by Suz firstname.lastname@example.org
Disclaimer - MGM/Gekko/Double Secret own them.
Spoilers for 'Tin Man', 'Nemesis', 'Small Victories', 'Serpent’s Venoms', 'Meridian', and 'Revelations'. General knowledge of the show. Set anytime from late season six onwards.
Man, I depressed the hell out of *myself* writing this one. Anyone who's seen the MacGyver episode 'The Widowmaker' may know what's coming...
Turning off the engine of his car, George Hammond glanced at the old truck he'd parked next to. He suspected Jack kept it somewhere in the local area when he wasn't there - it was splattered with dried mud, and he knew without a doubt that it hadn't been used for days. Maybe even weeks.
Sighing, the reason for his visit never far from his mind, he pulled the door release, pushed the door open, and stepped out of the car.
It wasn't a bad day. A few more clouds than he'd generally like, but it certainly wasn't about to rain anytime soon, and he was comfortable enough in his loose fitting top. Certainly no need for a jacket.
Slamming the door shut, he didn't even bother locking it, simply sliding his keys into the right hand pocket of the beige pants he was wearing, and taking a few moments to study the surroundings. It really was quite beautiful; it was everything Jack had always rhapsodised about.
Half-chuckling at his own purple prose, he began walking. A few small stones crunched beneath his shoes, but then the 'driveway' petered off and soon it was just grass.
George didn't bother even going up on to the porch. He knew from his informants and from what he knew of Jack as a person that it'd be pointless to look in the cabin. So, still walking, he soon reached the edge and stepped around to the side.
The view from there was even more spectacular. The grass rolled onto a pond that somehow seemed to grab what little sunlight there was and hold onto it fiercely. A huge range of trees surrounded the immediate area, making the whole thing seem cosy. Complete.
The absolute opposite of what the man sitting on the small wooden dock must have been feeling.
Jack would have heard the car, and his walk across the drive, but he gave no indication that he knew he was there. Spying a folded plastic chair leaning against the side of the cabin, George picked it up and carried it over to the dock, where he unfolded it and sat next to his subordinate; his friend.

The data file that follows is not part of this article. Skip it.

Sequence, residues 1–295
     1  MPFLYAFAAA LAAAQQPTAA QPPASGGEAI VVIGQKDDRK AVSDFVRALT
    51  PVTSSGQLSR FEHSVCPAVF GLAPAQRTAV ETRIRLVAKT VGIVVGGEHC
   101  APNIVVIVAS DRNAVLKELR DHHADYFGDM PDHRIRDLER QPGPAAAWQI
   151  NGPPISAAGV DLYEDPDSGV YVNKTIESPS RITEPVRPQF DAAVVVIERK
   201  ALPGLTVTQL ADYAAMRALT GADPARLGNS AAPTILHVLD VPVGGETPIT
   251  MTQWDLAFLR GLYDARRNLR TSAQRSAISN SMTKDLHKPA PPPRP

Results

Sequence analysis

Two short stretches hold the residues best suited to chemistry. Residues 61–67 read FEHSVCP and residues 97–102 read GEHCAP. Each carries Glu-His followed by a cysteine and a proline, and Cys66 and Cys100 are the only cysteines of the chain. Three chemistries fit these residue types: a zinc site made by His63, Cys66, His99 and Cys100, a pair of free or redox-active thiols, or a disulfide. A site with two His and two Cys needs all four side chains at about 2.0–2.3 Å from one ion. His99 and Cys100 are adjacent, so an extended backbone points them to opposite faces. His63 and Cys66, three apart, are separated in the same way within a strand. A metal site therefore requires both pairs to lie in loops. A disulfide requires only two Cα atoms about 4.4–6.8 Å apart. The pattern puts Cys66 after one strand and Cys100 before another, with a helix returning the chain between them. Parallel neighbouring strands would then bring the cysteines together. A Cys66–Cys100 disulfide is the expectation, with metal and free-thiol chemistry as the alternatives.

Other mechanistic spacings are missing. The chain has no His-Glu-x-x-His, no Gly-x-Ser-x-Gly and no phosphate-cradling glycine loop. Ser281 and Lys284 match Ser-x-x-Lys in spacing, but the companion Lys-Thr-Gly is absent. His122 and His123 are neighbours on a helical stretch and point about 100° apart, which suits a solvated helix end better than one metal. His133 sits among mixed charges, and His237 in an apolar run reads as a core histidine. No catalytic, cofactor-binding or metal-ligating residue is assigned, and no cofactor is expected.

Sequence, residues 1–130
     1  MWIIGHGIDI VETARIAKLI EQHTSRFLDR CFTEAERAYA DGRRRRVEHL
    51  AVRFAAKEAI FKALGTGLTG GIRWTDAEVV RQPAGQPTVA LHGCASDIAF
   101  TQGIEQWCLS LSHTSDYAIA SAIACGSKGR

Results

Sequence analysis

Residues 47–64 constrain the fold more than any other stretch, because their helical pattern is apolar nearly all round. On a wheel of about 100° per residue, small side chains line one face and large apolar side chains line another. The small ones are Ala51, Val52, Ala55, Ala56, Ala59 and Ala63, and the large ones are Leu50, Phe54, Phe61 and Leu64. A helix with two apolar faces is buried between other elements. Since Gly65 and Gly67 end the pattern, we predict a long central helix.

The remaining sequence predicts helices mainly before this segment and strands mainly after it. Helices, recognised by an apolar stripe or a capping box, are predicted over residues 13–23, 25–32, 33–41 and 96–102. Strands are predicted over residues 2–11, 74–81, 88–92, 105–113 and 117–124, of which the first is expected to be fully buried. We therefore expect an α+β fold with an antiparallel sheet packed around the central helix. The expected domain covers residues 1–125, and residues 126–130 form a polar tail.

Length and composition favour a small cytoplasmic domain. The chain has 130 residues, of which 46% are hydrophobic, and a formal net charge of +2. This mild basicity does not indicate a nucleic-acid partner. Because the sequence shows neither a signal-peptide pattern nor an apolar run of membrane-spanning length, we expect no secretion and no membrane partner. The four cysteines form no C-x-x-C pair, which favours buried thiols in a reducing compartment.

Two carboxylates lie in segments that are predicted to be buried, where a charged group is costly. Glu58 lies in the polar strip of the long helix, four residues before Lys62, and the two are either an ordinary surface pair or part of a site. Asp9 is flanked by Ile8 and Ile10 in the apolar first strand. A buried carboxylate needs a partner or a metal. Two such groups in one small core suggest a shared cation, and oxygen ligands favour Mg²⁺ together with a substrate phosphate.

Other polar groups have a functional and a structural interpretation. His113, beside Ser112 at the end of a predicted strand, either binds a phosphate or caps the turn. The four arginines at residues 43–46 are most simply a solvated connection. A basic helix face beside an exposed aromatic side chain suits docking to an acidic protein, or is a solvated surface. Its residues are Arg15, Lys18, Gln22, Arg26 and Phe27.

He couldn't help but wince internally at how close to the edge he was sitting, but as he was a General in the US Air Force, he was good at hiding it. "It's beautiful here. I can understand why you were forever trying to persuade people to come." He glanced towards the man who'd yet to say a word. He'd lost some weight, and had a good couple of days of facial growth, too.
Jack finally spoke, still staring out towards the water. He wasn't fishing, wasn't even really looking at anything. Just sitting. "Wondered how long it'd take before you showed up."
"You think I'd leave you out here forever?" Teal'c and Jonas had already had no luck at talking to him, so it was apparently time for the big guns.
At least, that was how Teal'c had phrased it. Something that *he* had picked up from Jack.
"I could do worse that stay here forever,"
"Not if it involves starving yourself to death." George closed his eyes as soon as he'd said it; he hadn't meant to start berating him so quickly, though he'd have to get to that eventually.
The head finally moved, angling towards him. "I *eat*. I have no intention of killing myself, General. I just haven't been hungry lately is all." The head turned away again.
Though it hadn't been a huge fear of his, George was nonetheless relieved to hear it. His life in general, and especially his time at the SGC, had taught him that anything was possible. Needing to lighten the mood just for a moment, he focused on something else. "The beard looks good. Trying to grow it, or just couldn't be bothered to shave?"
His right hand moved up as if to touch it, but it stopped before it got there and lowered back down. "What do you think?" His face was tight, controlled, trying to betray nothing - and in so doing, actually betraying everything.
Glancing out towards the water, George's gaze soon fell to his own lap. Pale jokes and time wasting weren't going to help him. Still staring down, he focused on his tightly clasped hands. "When it happened, I thought it would be like it was when Dr Jackson went. You'd throw yourself into your work; I wouldn't be able to breathe from the amount of paperwork that'd suddenly come reaming out of your hands and into my office." He paused, discovering he was smiling fondly. "I guess I should have known nothing was ever as I expected it to be between you two." Shifting, he lifted his head.
Jack had turned away. "There never was an 'us two'."
"You know that's not true. *I* know that's not true." They may never have had that kind of relationship, but almost from the beginning they were their own little team within a team. Laughing at the same jokes, pushing each other's buttons, learning to communicate non-verbally - like all good partnerships.
He didn't deny it this time; apparently when a General corrected you, it simply had to be the truth. George had always known there were *some* perks to this job.
"It was different than it was with Daniel."
George nodded sombrely. "Because you never got to say goodbye? Because it was so sudden?"